The trend of converting from locally run software to software-as-a-service (SaaS) Have you noticed how hard it is getting to find certain types of locally run software? For example, Microsoft’s popular office suite is now available only through an online subscription model. Likewise, Google’s suite of office productivity tools has never been available as locally run software. It has always been offered in the cloudbegan in earnest with the introduction of cloud computing in the late 1990s. More than 20 years later, the move to SaaS is only accelerating. It is enough to make one wonder if locally run software is doomed to extinction.
Commercial and Consumer Software
Both commercial and consumer software is being taken into the cloud. Google’s Chrome OS is a perfect example on the consumer side. On the commercial side, there are very few industries that have not been impacted by the move to SaaS. Take imports and exports. The nature of global trade has forced trade service software into the cloud.
Trade service software is on the list of products and services offered by Ohio-based Vigilant Global Trade Services. They can work with clients to develop customized software solutions through partnerships with technology providers.
Vigilant can offer trade service software based on the SaaS model. But they can also help custom design trade service solutions their clients ultimately end up buying and hosting locally. Is one option better than the other? Not really. What constitutes the right choice depends on a customer’s individual needs.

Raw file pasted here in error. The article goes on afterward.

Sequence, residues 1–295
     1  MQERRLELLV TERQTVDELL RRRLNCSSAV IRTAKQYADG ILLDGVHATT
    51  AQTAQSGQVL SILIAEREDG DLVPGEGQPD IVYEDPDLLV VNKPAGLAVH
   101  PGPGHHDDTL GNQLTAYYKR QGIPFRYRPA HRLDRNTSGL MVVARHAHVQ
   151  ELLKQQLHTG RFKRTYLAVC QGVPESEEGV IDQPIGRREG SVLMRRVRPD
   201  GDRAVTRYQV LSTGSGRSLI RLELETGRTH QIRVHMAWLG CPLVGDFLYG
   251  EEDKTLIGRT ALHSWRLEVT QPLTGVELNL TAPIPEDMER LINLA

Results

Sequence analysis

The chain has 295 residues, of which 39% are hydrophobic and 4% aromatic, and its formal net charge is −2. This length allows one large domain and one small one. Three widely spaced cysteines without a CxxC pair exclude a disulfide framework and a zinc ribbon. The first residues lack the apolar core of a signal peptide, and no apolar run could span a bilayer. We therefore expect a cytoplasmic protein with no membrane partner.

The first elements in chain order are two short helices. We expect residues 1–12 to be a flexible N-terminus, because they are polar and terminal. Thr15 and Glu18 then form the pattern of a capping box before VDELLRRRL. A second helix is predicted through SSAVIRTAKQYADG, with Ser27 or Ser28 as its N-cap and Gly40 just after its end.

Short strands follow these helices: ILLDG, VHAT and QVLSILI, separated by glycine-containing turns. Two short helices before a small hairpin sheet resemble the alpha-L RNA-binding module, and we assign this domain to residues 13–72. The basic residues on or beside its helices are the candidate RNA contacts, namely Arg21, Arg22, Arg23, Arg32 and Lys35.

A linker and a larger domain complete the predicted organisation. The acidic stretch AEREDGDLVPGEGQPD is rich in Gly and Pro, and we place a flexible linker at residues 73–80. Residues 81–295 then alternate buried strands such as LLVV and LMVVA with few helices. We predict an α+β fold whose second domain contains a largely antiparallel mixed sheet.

The Ping-Pong Effect
There is an interesting phenomena in the technology world known as the ‘ping-pong effect’. It occurs when an organization adopts a particular technology only to discover that it doesn’t entirely meet their needs. They turn around and adopt something else, then something else, never really settling on the best possible solution.
The ping-pong effect can be applied on a much larger scale. It certainly applies to the question of locally run software vs. cloud software and SaaS.
Long before the cloud existed, networked software ran on huge mainframes accessed by desktop terminals. Truth be told, the cloud is simply a logical extension of the old mainframe model. But in between mainframes and the cloud, locally run software ruled the day.
The history of mainframes and the cloud clearly demonstrates the ping-pong effect. Mainframes were replaced by desktop PCs running individual copies of software when they became too impractical to maintain. Locally run software dominated for almost two decades before the birth of the cloud.
With the cloud’s maturity, the ping-pong ball was hit back across the table. Cloud computing gave way to SaaS as yet another option for obtaining and hosting software. The question is whether or not the ball will remain on the cloud’s side of the table forever.
Locally Run Has Its Place
With all of the alleged benefits of cloud computing and SaaS, it is kind of fascinating that locally run software has not already been made extinct. Its insistence on holding out suggests that it still has a place at both the corporate and consumer levels.
A major advantage of locally run software is security. Organizations worried about letting sensitive data leak into the cyber sphere may opt for the local model so as to avoid any and all security breaches. Similarly, there are individual consumers who want nothing to do with the cloud and subscription-based software. They prefer desktop and laptop PCs running their own applications.
Is locally run software doomed to extinction? Right now, it doesn’t appear that way. If it comes, any such extinction is still many years away.